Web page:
Solid North Texas economy makes Chapter 11 answer for some businesses

Chapter 11 reorganization bankruptcy may be right for your North Texas business.

The Dallas Business Journal in May 2014 shared good news for entrepreneurs and businesses across northern Texas: a major bank is calling the North Texas economy "robust." The article summarizes key points of Dallas-based Comerica Bank's report:

  • Job numbers, incomes and housing starts are up.
  • New businesses are opening.
  • The unemployment rate at 5.4 percent is below the national average.
  • The energy industry, State Farm and Toyota are making positive contributions.
  • "Credit quality" is better.
  • Bankruptcy numbers are falling.

While this news is certainly welcome, Texas businesses may still be feeling the economic downturn. For those continuing to struggle with debt that is keeping expansion and profit at bay, Chapter 11 (of the U.S. Bankruptcy Code) should be considered.

Broadly, a U.S. business bankruptcy takes one of two paths: reorganization or liquidation. In a reorganization, the commercial entity decides to continue doing business after executing a court- and creditor-approved plan of debt prioritization, affirmation, pay-down and extinguishment.

By contrast, a liquidation bankruptcy under Chapter 7 (or 11 in some cases) winds down and closes the business by selling off assets to pay debts in a preferential order and discharging remaining debts. This may be the better, cheaper alternative for a business that has taken a harder hit from the recession.

With the business climate in North Texas on the upswing, the owner of an ailing business should strongly consider whether a Chapter 11 bankruptcy reorganization makes sense as a long-term solution. If there are still significant assets and continuing revenues, reorganization may be the key to getting debt under enough control to start improving the balance sheet. With the better regional economy, reorganization may allow the business to regain its health and profitability.

While the United States Courts website provides a detailed summary of Chapter 11, here are the basics:

  • When a Chapter 11 bankruptcy petition is filed with the U.S. Bankruptcy Court, an automatic stay is issued that stops all debt collection activity, including litigation, against the debtor.
  • A U.S. trustee will be appointed to assist the court administratively.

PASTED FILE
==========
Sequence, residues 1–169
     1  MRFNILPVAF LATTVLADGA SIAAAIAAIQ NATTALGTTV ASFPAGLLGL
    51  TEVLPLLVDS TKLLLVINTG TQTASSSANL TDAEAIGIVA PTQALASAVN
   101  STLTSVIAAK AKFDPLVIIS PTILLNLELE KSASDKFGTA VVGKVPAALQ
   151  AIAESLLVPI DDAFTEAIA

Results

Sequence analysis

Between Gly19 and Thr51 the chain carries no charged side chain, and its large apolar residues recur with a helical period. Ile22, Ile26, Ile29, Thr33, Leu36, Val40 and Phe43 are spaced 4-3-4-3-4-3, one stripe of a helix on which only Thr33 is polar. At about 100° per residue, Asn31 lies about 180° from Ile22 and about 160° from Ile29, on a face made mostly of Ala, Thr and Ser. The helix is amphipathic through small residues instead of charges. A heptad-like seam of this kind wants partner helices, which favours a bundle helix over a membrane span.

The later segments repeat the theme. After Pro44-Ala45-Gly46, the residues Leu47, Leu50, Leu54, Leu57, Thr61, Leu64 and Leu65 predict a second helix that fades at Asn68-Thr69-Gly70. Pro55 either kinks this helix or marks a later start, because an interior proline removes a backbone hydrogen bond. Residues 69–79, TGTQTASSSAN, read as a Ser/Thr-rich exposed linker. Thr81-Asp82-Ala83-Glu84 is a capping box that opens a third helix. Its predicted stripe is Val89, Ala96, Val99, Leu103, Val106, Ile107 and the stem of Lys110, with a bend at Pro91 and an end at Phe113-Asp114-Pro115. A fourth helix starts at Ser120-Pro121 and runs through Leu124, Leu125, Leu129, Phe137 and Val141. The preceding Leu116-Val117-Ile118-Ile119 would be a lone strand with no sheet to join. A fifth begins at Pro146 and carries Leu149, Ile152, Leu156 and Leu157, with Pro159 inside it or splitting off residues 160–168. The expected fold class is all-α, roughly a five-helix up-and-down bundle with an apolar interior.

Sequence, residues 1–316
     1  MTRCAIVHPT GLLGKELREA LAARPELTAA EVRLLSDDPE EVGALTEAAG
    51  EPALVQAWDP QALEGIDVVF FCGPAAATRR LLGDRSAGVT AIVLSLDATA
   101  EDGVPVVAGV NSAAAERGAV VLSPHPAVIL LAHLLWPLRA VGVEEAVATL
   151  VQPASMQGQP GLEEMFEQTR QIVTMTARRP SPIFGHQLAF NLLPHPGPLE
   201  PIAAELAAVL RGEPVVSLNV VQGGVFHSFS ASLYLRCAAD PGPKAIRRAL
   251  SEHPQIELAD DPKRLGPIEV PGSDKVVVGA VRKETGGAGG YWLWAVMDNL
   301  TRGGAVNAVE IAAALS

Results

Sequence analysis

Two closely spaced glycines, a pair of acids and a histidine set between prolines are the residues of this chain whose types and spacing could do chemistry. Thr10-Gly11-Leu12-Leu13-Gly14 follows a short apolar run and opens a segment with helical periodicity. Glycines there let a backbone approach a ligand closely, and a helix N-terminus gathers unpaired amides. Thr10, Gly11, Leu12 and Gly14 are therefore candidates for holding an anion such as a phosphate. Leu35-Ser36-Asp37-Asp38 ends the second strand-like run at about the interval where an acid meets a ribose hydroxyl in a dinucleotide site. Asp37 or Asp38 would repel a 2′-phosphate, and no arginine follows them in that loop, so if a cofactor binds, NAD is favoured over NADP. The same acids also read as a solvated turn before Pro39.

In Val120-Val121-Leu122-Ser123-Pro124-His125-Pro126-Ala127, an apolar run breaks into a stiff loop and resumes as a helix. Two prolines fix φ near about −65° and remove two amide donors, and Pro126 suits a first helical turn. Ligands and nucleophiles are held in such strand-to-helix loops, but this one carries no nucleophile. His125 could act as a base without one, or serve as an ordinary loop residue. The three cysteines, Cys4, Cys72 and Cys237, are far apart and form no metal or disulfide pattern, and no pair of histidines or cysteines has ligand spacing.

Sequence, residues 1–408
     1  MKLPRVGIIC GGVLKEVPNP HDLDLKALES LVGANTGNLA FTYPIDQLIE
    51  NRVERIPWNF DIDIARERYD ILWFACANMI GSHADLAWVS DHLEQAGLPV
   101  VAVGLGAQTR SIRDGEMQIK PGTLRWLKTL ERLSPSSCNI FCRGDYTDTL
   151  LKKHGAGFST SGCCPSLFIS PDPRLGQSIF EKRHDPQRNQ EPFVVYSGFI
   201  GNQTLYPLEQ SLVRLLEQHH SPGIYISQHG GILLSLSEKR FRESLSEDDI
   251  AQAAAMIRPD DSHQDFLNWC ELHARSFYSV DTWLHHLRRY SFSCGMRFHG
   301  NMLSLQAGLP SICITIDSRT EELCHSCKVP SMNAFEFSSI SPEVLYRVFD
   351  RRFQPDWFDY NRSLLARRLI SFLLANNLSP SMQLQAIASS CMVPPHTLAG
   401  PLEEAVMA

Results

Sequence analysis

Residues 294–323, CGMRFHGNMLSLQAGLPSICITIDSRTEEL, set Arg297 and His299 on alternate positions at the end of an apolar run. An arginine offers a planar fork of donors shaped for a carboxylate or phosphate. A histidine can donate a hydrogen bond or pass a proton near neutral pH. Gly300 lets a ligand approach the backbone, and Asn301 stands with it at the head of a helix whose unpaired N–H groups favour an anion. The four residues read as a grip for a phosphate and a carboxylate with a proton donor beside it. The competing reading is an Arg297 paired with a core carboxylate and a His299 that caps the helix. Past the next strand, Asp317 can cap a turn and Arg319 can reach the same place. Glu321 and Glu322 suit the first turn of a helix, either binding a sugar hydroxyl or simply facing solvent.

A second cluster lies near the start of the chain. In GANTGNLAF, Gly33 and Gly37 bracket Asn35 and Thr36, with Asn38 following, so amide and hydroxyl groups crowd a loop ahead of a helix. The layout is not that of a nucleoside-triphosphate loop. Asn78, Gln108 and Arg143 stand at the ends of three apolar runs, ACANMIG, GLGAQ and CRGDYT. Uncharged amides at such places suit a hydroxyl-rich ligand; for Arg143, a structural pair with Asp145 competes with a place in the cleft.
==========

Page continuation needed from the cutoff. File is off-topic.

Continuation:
• The debtor files a disclosure statement of its assets and debts for court approval.
  • The debtor has the first right to file a plan for court and creditor confirmation; later certain interested parties can propose plans.
  • The debtor business (called the debtor-in-possession) will continue to operate under the conditions of the approved plan in most circumstances, or a Chapter 11 trustee may be appointed to oversee operations.
  • Certain debts may still be discharged in Chapter 11, meaning they will no longer be enforceable; how debts are treated depends on whether they are secured by property or unsecured (with or without priority), administrative or in a nondischargeable category like certain taxes or criminal restitution.
  • Like creditors are formed into creditor committees to monitor the bankruptcy and assert rights when appropriate.
  • Small business cases are uniquely administered.

The key to deciding if bankruptcy is the right step for your North Texas business, whether a reorganization that continues the commercial concern into the future, or a liquidation to wind down the business, is to engage an experienced Texas bankruptcy attorney who can help you analyze your goals, the state of affairs of your business and the pros and cons of each path.

Chapter 11 should not be filed without serious consideration, as it is a long process, expensive and complex. That being said, it could be the answer for your business with skilled and knowledgeable legal counsel to guide you through it.

Keywords: North Texas, economy, Chapter 11, business bankruptcy, reorganization, debt, creditor